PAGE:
The precursor carbon material and carbonization conditions may be selected to create carbonized layers having porosity suitable for binding or carrying therapeutic agents within the pores and releasing them in a controlled fashion. One of skill in the art can vary the porosity of the carbonized layer to control the release rate. For example, decreasing the sizes of the pores to smaller than 200 nm will slow the rate at which the therapeutic agents diffuse out of the pores. The therapeutic agent may also be combined with any pharmaceutically-acceptable excipient known in the art, such as the polymers used in drug delivery, in order to further control the release rate. Using an excipient to further control drug release may be advantageous where the pores sizes are relatively large, such as pores sizes greater than 500 nm.

Therapeutic agents may be added to the carbonized layer by any of various methods including spray coating, roll coating, absorption, adsorption, vacuum impregnation, electrophoretic transfer, and the like. The manner in which the therapeutic agents are applied will depend upon the characteristics of the carbonized layer, dimensions of the area to be coated, and the type of therapeutic agent to be applied. For example, if the carbonized layer is limited to the outer diameter, roll coating or spray coating can be used. If the carbonized area is small, inkjet methods can be used. If the sizes of the pores are too small to allow efficient penetration of therapeutic agents, vacuum impregnation or electrophoretic transfer may be suitable.

The method of the present invention can be used to make a medical device having a porous carbon coating limited to certain portions on the medical device, wherein the porous carbon coating carries a therapeutic agent and provides for directionally controlled release of the therapeutic agent. Thus, in a medical device having multiple surfaces or aspects, the porous carbon coating can be limited to certain surfaces or aspects in order to release the therapeutic agent with directional control. For example, FIG. 5 shows a stent strut 12 having a therapeutic agent-loaded porous carbon coating 32 limited to the outer surface 14 (facing the vessel wall) of the stent strut 12. Therapeutic agent released (indicated by the arrows) from porous carbon coating 32 would be distributed into the tunica media layer of the arterial wall, preferentially exposing the smooth muscle cells 20 to the therapeutic agent. Alternatively, the therapeutic agent-loaded porous carbon coating may be limited to the inner surface 18 (facing the lumen) of the stent strut 12 so that the therapeutic agent would be distributed into the tunica intima layer of the arterial wall, preferentially exposing the endothelial cells 22 to the therapeutic agent. A stent having this type of directionally controlled drug release would be beneficial in improving the effectiveness of stent.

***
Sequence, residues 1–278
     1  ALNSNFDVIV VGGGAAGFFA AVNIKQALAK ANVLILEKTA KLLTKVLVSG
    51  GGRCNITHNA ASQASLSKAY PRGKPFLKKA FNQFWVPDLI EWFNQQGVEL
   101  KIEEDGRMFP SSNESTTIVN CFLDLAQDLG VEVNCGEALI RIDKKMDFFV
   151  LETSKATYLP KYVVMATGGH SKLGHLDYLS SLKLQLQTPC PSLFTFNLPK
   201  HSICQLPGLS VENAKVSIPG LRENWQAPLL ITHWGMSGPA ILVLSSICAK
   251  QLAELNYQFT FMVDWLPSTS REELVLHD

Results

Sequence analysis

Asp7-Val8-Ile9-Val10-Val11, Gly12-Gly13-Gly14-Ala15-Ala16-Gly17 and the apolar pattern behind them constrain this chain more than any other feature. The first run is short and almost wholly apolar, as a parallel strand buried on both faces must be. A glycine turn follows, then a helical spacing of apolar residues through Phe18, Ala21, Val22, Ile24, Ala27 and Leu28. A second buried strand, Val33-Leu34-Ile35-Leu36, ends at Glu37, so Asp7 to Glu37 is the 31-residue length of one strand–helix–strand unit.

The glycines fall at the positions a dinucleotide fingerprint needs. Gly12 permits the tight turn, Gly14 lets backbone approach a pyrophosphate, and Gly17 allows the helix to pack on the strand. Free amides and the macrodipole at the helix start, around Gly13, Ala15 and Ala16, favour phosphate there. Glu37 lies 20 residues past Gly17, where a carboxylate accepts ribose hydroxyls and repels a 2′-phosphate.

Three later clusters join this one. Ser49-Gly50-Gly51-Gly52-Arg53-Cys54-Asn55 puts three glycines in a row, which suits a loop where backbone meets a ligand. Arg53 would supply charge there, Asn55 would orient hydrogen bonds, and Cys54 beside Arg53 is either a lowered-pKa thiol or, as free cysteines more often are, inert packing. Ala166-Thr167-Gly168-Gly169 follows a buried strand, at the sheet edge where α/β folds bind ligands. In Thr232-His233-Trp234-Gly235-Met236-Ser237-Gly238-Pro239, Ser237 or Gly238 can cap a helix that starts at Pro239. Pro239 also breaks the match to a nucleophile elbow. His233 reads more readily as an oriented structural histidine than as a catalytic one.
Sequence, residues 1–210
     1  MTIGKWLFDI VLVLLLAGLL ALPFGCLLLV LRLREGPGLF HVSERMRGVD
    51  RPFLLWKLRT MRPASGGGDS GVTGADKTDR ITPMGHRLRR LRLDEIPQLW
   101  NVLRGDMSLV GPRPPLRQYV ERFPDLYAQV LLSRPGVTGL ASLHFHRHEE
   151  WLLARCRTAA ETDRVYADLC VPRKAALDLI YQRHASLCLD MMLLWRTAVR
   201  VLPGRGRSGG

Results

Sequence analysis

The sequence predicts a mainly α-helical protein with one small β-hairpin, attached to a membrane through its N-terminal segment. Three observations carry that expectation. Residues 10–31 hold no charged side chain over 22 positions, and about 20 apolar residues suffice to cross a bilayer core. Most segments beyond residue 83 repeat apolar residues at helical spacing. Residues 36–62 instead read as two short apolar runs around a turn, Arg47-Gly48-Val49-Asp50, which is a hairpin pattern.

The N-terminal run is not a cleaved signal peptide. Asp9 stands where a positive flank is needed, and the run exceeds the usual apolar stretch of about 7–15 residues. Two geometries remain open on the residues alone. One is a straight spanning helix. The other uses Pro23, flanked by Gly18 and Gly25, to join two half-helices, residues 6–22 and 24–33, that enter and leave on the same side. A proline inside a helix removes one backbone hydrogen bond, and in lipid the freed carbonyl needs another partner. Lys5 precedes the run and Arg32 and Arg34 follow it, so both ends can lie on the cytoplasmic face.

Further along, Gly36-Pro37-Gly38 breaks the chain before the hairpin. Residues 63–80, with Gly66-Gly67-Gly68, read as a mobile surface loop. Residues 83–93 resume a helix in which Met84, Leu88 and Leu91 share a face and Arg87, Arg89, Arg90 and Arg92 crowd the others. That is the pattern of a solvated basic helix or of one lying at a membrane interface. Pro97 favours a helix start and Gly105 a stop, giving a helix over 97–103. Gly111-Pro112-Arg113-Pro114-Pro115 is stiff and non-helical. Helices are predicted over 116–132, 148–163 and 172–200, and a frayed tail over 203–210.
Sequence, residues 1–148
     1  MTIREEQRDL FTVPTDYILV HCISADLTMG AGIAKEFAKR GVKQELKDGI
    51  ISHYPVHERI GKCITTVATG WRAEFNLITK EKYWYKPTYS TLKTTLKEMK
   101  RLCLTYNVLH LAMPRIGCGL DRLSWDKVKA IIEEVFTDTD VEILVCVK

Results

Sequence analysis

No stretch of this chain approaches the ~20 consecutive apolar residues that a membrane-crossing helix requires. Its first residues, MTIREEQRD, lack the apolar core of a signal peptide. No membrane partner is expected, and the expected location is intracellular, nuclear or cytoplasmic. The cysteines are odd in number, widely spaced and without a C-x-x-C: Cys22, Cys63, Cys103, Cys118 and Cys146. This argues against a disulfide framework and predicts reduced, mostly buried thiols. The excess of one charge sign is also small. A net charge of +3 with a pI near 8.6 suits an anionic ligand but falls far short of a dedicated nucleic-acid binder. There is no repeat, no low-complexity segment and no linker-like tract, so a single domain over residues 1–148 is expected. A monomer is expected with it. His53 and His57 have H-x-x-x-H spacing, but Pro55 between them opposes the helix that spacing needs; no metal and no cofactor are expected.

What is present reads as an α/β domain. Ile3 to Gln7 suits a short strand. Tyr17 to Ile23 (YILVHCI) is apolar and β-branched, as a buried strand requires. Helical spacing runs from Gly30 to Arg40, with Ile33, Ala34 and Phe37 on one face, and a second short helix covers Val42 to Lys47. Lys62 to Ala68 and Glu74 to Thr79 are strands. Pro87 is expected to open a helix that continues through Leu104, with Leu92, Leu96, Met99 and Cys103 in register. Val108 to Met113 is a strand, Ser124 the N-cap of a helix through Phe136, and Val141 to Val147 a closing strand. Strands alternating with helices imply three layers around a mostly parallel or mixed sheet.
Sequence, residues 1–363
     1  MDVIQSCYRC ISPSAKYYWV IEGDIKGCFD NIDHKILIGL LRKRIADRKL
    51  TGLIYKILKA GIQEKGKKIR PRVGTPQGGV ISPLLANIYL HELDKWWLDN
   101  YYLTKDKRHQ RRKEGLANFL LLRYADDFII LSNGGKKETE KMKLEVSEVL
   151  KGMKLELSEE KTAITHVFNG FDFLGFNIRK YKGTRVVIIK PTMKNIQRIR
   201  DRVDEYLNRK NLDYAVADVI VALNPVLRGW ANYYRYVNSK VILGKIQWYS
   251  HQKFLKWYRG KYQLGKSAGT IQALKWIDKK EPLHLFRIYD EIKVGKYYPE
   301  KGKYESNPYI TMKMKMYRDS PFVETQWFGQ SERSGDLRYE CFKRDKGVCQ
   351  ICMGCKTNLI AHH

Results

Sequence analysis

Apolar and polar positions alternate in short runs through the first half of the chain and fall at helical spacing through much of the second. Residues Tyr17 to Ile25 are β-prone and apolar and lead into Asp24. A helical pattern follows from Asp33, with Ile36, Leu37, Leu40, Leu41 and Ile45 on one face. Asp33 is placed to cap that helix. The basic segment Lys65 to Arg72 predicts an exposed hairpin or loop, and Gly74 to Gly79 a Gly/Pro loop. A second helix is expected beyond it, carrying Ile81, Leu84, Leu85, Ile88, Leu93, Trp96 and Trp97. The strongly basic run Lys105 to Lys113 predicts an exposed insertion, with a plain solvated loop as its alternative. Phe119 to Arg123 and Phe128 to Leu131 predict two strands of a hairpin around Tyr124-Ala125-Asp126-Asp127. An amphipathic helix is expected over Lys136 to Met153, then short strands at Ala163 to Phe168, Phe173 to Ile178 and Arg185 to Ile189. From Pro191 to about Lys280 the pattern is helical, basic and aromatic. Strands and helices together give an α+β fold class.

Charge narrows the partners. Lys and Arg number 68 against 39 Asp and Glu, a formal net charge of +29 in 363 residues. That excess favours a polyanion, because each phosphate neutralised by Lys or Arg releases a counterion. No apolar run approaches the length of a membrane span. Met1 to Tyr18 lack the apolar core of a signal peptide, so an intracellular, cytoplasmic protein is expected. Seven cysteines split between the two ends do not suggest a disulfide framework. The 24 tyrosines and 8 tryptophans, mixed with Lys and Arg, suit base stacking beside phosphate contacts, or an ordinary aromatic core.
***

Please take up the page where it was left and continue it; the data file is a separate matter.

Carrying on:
The medical device of the present invention is not limited to the coronary stents in the disclosed embodiments. Non-limiting examples of other medical devices that can be coated according to the methods of the present invention include catheters, guide wires, balloons, filters (e.g., vena cava filters), stents, stent grafts, vascular grafts, intraluminal paving systems, pacemakers, electrodes, leads, defibrillators, joint and bone implants, spinal implants, vascular access ports, intra-aortic balloon pumps, heart valves, sutures, artificial hearts, neurological stimulators, cochlear implants, retinal implants, and other devices that can be used in connection with therapeutic coatings. Such medical devices are implanted or otherwise used in body structures or cavities such as the vasculature, gastrointestinal tract, abdomen, peritoneum, airways, esophagus, trachea, colon, rectum, biliary tract, urinary tract, prostate, brain, spine, lung, liver, heart, skeletal muscle, kidney, bladder, intestines, stomach, pancreas, ovary, uterus, cartilage, eye, bone, and the like.

Such medical devices may be made of any type of material in which implanted medical devices are generally made, including amorphous and/or (partially) crystalline carbon, complete carbon material, porous carbon, graphite, composite carbon materials, carbon fibres, ceramics such as e.g. zeolites, silicates, aluminium oxides, aluminosilicates, silicon carbide, silicon nitride; metal carbides, metal oxides, metal nitrides, metal carbonitrides, metal oxycarbides, metal oxynitrides and metal oxycarbonitrides of the transition metals such as titanium, zirconium, hafnium, vanadium, niobium, tantalum, chromium, molybdenum, tungsten, manganese, rhenium, iron, cobalt, nickel; metals and metal alloys, in particular the noble metals gold, silver, ruthenium, rhodium, palladium, osmium, iridium, platinum; metals and metal alloys of titanium, zircon, hafnium, vanadium, niobium, tantalum, chromium, molybdenum, tungsten, manganese, rhenium, iron, cobalt, nickel, copper; steel, in particular stainless steel, shape memory alloys such as nitinol, nickel-titanium alloys, glass, stone, glass fibres, minerals, natural or synthetic bone substance bone, imitates based on alkaline earth metal carbonates such as calcium carbonate, magnesium carbonate, strontium carbonate and any desired combinations of the above-mentioned materials.